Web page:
“The Contractor” has all the cinematic resonance of a mediocre video game. That might be enough to entertain some viewers watching a movie with talented cast members who deserve better material. Everyone else can skip “The Contractor,” because they won’t be missing out on anything meaningful.

Paramount Pictures released “The Contractor” in select U.S. cinemas, on digital and VOD on April 1, 2022. The movie is set for release on 4K Ultra HD, Blu-ray and DVD on June 7, 2022.

Review: ‘Wonder Woman 1984,’ starring Gal Gadot, Chris Pine, Pedro Pascal and Kristen Wiig

December 24, 2020

by Carla Hay

Gal Gadot in “Wonder Woman 1984” (Photo by Clay Enos/Warner Bros. Pictures & © DC Comics)

“Wonder Woman 1984”

Directed by Patty Jenkins

Culture Representation: Taking place in 1984, primarily in Washington, D.C, plus other parts of the world, the superhero action flick “Wonder Woman 1984” has a predominantly white cast of characters (with some Latinos, African Americans and Asians) representing different classes of people.

Culture Clash: Diana Prince, also known as superhero Wonder Woman, battles against a power-hungry business mogul who wants to rule the world, while one of her female co-workers falls into the mogul’s seductive trap and becomes his ally.

Culture Audience: “Wonder Woman 1984″ will appeal primarily to people who like family-friendly, comic-book-based movies that blend action with social issues and goofy comedy.

Pedro Pascal in “Wonder Woman 1984” (Photo by Clay Enos/Warner Bros. Pictures & © DC Comics)

“Wonder Woman 1984” could have been subtitled “Be Careful What You Wish For, You Just Might Get It,” because by the end of the movie, this old adage has been pounded into viewers’ consciousness to the point of being almost numbing. “Wonder Woman 1984” is the sequel to the 2017 blockbuster “Wonder Woman,” which was a less bloated, less sociopolitical movie than “Wonder Woman 1984,” but the original “Wonder Woman” movie took itself more seriously as an action film. Both movies (based on DC Comics’ “Wonder Woman” series) were directed by Patty Jenkins, who did not write 2017’s “Wonder Woman,” but she co-wrote the “Wonder Woman 1984” screenplay with Geoff Johns and Dave Callaham.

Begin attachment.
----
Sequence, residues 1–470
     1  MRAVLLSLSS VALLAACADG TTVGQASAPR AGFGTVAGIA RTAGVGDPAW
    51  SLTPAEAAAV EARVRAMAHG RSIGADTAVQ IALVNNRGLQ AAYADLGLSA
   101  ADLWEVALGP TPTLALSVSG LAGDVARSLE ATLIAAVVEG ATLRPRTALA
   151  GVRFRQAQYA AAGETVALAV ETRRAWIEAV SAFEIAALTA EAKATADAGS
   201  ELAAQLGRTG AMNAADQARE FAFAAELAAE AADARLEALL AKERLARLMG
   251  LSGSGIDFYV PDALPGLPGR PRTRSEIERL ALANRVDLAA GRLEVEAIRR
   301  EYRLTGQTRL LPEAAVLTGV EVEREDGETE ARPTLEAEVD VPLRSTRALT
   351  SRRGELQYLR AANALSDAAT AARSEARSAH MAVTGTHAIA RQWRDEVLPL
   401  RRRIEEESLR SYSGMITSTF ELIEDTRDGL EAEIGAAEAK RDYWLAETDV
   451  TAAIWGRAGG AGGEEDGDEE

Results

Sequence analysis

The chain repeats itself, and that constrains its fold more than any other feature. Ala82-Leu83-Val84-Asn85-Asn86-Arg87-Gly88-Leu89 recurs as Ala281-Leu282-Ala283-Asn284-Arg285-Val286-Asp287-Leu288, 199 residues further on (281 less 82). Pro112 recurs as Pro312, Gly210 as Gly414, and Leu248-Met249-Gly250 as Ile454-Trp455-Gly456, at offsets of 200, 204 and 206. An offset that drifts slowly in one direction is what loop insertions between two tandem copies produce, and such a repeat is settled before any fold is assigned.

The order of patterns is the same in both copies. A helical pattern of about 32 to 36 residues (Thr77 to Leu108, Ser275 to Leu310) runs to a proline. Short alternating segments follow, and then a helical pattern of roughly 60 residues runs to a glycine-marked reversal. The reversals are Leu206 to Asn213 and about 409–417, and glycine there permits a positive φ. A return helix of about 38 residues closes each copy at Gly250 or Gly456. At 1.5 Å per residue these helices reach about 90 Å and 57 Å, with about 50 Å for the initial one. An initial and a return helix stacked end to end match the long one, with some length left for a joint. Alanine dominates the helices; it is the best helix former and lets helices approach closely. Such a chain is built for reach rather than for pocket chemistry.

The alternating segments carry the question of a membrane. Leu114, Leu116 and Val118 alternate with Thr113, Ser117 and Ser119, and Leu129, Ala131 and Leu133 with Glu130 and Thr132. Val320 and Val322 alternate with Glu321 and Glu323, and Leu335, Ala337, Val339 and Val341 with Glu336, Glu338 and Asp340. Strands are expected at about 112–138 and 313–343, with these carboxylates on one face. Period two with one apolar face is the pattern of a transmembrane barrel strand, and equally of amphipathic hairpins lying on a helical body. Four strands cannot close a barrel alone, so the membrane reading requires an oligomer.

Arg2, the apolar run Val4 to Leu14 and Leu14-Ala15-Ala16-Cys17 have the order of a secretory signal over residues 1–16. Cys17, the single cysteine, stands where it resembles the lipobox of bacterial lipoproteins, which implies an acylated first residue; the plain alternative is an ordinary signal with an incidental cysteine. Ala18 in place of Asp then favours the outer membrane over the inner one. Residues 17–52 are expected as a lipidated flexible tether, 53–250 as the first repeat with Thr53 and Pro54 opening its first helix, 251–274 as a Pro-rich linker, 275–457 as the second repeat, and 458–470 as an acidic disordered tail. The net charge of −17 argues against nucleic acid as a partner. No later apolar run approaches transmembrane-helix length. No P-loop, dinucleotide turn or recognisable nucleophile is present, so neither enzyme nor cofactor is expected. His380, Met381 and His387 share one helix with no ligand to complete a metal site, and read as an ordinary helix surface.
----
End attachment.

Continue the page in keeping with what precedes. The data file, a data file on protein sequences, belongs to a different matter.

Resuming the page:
The results in “Wonder Woman 1984” are mixed. On the one hand, the movie aims to be a crowd-pleaser appealing to various generations of people. In the first half of the movie, Wonder Woman has the type of fun-loving superhero action that’s almost cartoonish. In a chase scene that happens fairly early in the movie, Wonder Woman (played by Gal Gadot), also known as Diana Prince, thwarts a heist in a shopping mall by singlehandedly apprehending the four thieves who robbed a jewelry store in the mall. She gives a wink and a smile to some awestruck kids who witness this spectacle. There are also several campy moments in the movie with the character who ends up being the story’s chief villain.

But on the other hand, in the second half of the movie, there are some heavy-handed issues about the nuclear arms race, greed and political corruption that overwhelm the plot. And the plot goes a little bit off the rails because it involves people worldwide having to agree to undo a lot of things that already did significant damage. Not even Wonder Woman is that much of a superhuman political diplomat, but “Wonder Woman 1984” tries to bite off more than it can chew with this concept.

The movie’s total running time is a little too long, at two-and-a-half hours. The tone is very uneven, because “Wonder Woman 1984” has some problems balancing the comedic moments with the serious moments. And the visual effects are hit and miss. (Some of the human characters look very fake in CGI action scenes.) Despite the flaws in “Wonder Woman 1984,” it’s still a fairly enjoyable superhero movie, because of the convincing interactions between the characters and because it mostly succeeds as an entertaining story that holds people’s interest.

“Wonder Woman 1984” begins where “Wonder Woman” began: in her female-only Amazon homeland, the island nation of Themyscira, which is supposed to be a place that has secretly existed on Earth for eons. The actresses who portray the Amazons of Themyscira have a mishmash of European accents. A young Diana (played by Lilly Aspell), who’s about 9 or 10 years old, is seen in an intense athletic competition with adult Amazon warriors. There’s no explanation for why Diana is the only child in this competition, which involves several obstacle courses of running, riding horses and shooting arrows through giant circles placed on top of tall structures.

As a princess, Diana is expected to win for her team. But when she falls off of a horse and lags behind her competitors, she decides to take a shortcut to make up for lost time. She ends up finishing ahead of her competitors, but her mentor Antiope (played by Robin Wright), who’s also the competition’s judge, disqualifies Diana as the winner, because Diana cheated and therefore she’s “not ready to be a true winner.”